Media Bias: Real or Imagined?
Homosexuality Under Focus
Rome, (ZENIT.org) Father John Flynn, LC | 2497 hits
Accusations of media bias are common, and according to a recent study there is good reason to doubt the impartiality of the mainstream media.
A report published this week by the Pew Research Center found that news coverage was strongly in favor of same-sex marriage, outweighing articles opposing it by a margin of roughly 5-to-1.
The study covered America’s media in the period when the issue was being raised in the U.S. Supreme Court. In the period from March 18 through May 12 hundreds of stories were examined, along with more than 2.4 million Tweets. No less than 47% of the news stories were oriented in favour of changing the law. Only 9% were mainly opposed to a change, while 44% were largely balanced.
The Pew Center explained that for a story to be classified as supporting or opposing same-sex marriage, statements expressing that position had to outnumber the opposite view by at least 2-to-1.
Contrary to the belief that news stories are more balanced, while opinion material is more partisan, the study found that bias in favor of same-sex marriage was consistent regardless of content being news or opinion.
For news articles, 47% featured mainly support, while 8% were opposition and 45% were mixed or neutral. In opinion pieces 48% were in support of same-sex marriage, compared to 10% opposed and 43% that were neutral.
The pro-same-sex marriage bias was uniform in about all the media sectors, the Pew Center observed. According to the study the Wall Street Journal and USA Today were the most balanced, while the Huffington Post stood out for its support of same-sex marriage.
Interestingly, the study found that when it came to user-generated material, on Twitter, that postings were almost even between support and opposition for same-sex marriage, something that reflects public opinion polls on the issue. Twitter posts were 31% in favor of same-sex marriage, 28% opposed, with 42% being mixed.
The study also confirmed that the media lacks a more in-depth examination of issues, as it found that only 8% of the stories were focused on the morality or ethics of same-sex marriage.
For anyone doubting the accuracy of the Pew Center study a confirmation of its findings came with the media frenzy following what Pope Francis said recently on homosexuality.
On June 6 Pope Francis met with representatives of the Latin American and Caribbean federation of leaders from religious orders and he allegedly referred to a “gay lobby,” in the Vatican.
The federation published a statement on the matter, pointing out that the reports were simply a personal summary of what someone had remembered as having being said and only gave a general sense of the content, without being a precise account.
Nevertheless, this was sufficient for New York Times’ opinion writer, Frank Bruni, to author a Sunday opinion article on June 16 titled “The Pope’s Gay Panic.”
According to Bruni the Catholic Church’s position on homosexuality is characterized by “mystery and madness.” From his comments it would seem he is the one in panic, not the Pope.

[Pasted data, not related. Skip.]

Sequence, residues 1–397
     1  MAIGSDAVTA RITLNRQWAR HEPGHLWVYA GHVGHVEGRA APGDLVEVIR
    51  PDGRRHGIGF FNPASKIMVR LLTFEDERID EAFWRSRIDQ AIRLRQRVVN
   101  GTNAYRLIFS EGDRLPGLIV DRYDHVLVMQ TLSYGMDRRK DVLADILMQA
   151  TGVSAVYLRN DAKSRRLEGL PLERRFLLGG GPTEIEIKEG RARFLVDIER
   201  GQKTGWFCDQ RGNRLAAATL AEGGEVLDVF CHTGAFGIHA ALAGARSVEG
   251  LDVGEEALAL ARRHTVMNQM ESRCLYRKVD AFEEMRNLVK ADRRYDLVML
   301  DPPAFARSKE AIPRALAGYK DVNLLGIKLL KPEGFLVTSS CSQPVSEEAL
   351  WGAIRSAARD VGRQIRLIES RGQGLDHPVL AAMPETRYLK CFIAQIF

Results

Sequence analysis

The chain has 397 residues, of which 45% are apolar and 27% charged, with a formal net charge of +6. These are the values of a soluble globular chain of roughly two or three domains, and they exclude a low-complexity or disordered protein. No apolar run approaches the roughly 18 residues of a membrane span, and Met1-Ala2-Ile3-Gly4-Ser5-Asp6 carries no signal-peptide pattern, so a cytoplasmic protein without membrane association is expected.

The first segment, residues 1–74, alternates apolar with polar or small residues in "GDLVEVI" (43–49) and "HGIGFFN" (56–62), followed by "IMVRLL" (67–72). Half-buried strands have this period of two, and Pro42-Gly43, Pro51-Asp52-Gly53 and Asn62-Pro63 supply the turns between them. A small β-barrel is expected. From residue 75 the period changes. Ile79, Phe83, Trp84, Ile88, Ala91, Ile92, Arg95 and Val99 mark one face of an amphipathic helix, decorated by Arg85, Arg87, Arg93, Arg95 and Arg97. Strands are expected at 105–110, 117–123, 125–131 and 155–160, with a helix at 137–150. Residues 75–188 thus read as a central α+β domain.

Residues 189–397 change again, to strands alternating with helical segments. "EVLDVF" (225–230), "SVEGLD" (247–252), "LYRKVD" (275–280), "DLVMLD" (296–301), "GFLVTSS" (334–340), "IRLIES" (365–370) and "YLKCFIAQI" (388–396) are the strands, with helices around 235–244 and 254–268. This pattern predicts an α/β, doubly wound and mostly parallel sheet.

The first source Bruni cited in support of his views was Sister Jeannine Gramick, who, as he did bother explaining, along with Father Robert Nugent, was the subject of a notification by the Congregation for the Doctrine of the Faith in 1999 as having “ambiguous positions” on homosexuality and of being in public opposition to the teaching of the Catholic Church on this subject.
It is certainly not the first time the media has revealed its bias when it comes to matters regarding homosexuality and the Church, as I pointed out in an article (http://www.zenit.org/en/articles/putting-words-in-the-pope-s-mouth) early last year regarding the selective reporting on what Pope Benedict XVI said in his address to the Vatican’s diplomatic corps.
It’s not just Catholics who detect problems with media coverage of controversial issues. Last year, Arthur S. Brisbane, in his August 26 farewell column as public editor for the New York Times, said that many departments of the paper “share a kind of political and cultural progressivism.”
“As a result, developments like the Occupy movement and gay marriage seem almost to erupt in The Times, overloved and undermanaged, more like causes than news subjects,” he commented.
On March 16, shortly after his election, Pope Francis met with thousands of representatives from the media. He recognized the important role they have and his gratitude for their work.
He also pointed out that events in the Church have a very different dynamic from other issues as: “they follow a pattern which does not readily correspond to the ‘worldly’ categories which we are accustomed to use, and so it is not easy to interpret and communicate them to a wider and more varied public.”
“Your work calls for careful preparation, sensitivity and experience, like so many other professions, but it also demands a particular concern for what is true, good and beautiful,” he said.
“It should be apparent that all of us are called not to communicate ourselves, but this existential triad made up of truth, beauty and goodness,” he added. Probably not considerations at the forefront of many media reports.
Pew Center study - http://www.journalism.org/analysis_report/news_coverage_conveys_strong_momentum
March 16 papal audience for media representatives - http://www.vatican.va/holy_father/francesco/speeches/2013/march/documents/papa-francesco_20130316_rappresentanti-media_en.html